Luther von Braunschweig
This article does not cite any sources. (August 2008) (Learn how and when to remove this template message)
Luther was a younger son of the Welf duke Albert I of Brunswick-Lüneburg (1236–1279) and his second wife Adelaide (1242–1284/85), daughter of Margrave Boniface II of Montferrat. His elder brothers Henry, Albert II and William succeeded their father in the Brunswick principalities of Grubenhagen, Göttingen and Wolfenbüttel.
He was first documented as a Teutonic Knight in 1295, serving in the Prussian lands; from 1304 in the entourage of the Landmeister. From 1308 to 1312, Luther acted as Commander (Komtur) at Gollub, an important commandry in Chełmno Land. From 1313 he served as commander at Malbork Castle and in 1314 became commander of Christburg (present-day Dzierzgoń), governing large estates along the Vistula river down to the Vistula Lagoon (Frisches Haff) on the Baltic coast. He founded the town of Gilgenburg (Dąbrówno) in 1326; he also renewed the charters of Christburg, Eylau (Iława), and Saalfeld (Zalewo). In 1329 he had the commandry of Osterode (Ostróda) established. Under Luther's rule, and with the aid of the Cistercians, his territory became the most advanced commandry in the Order's State.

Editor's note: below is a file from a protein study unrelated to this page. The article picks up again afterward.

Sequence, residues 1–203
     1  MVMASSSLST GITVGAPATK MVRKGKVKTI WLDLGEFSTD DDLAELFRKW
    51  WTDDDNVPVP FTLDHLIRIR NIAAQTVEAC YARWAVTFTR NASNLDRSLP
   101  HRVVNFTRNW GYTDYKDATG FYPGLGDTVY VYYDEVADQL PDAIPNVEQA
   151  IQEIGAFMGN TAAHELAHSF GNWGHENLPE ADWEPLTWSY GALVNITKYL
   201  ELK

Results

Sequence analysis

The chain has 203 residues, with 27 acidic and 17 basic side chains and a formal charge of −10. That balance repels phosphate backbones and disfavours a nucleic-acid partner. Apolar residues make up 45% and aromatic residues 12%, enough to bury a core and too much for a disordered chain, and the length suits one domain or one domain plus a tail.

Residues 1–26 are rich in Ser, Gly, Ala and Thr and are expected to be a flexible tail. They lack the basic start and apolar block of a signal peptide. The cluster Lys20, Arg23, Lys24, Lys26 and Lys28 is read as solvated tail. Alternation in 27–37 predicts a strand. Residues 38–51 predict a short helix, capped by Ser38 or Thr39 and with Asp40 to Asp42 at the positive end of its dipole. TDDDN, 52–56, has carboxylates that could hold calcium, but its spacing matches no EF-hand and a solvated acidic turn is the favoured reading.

On 17 February 1331, he was elected Grand Master (Hochmeister), succeeding Werner von Orseln who had been killed the year before. While the Polish–Teutonic War over Pomerelia continued, again culminating in the Battle of Płowce on 27 September 1331, Luther further promoted the colonisation and Christianisation of the Order's lands. In his presence, Königsberg Cathedral was consecrated in 1333; Luther also had Malbork Castle extended and became known as a patron of the arts, such as the work of Peter of Dusburg, whose Chronicon terrae Prussiae was translated by chaplain Nikolaus von Jeroschin on his behalf.
Luther was buried in Königsberg Cathedral. His tomb was destroyed in World War II.
|Ancestors of Luther von Braunschweig|
|Grand Master of the Teutonic Order|
Werner von Orseln
Dietrich von Altenburg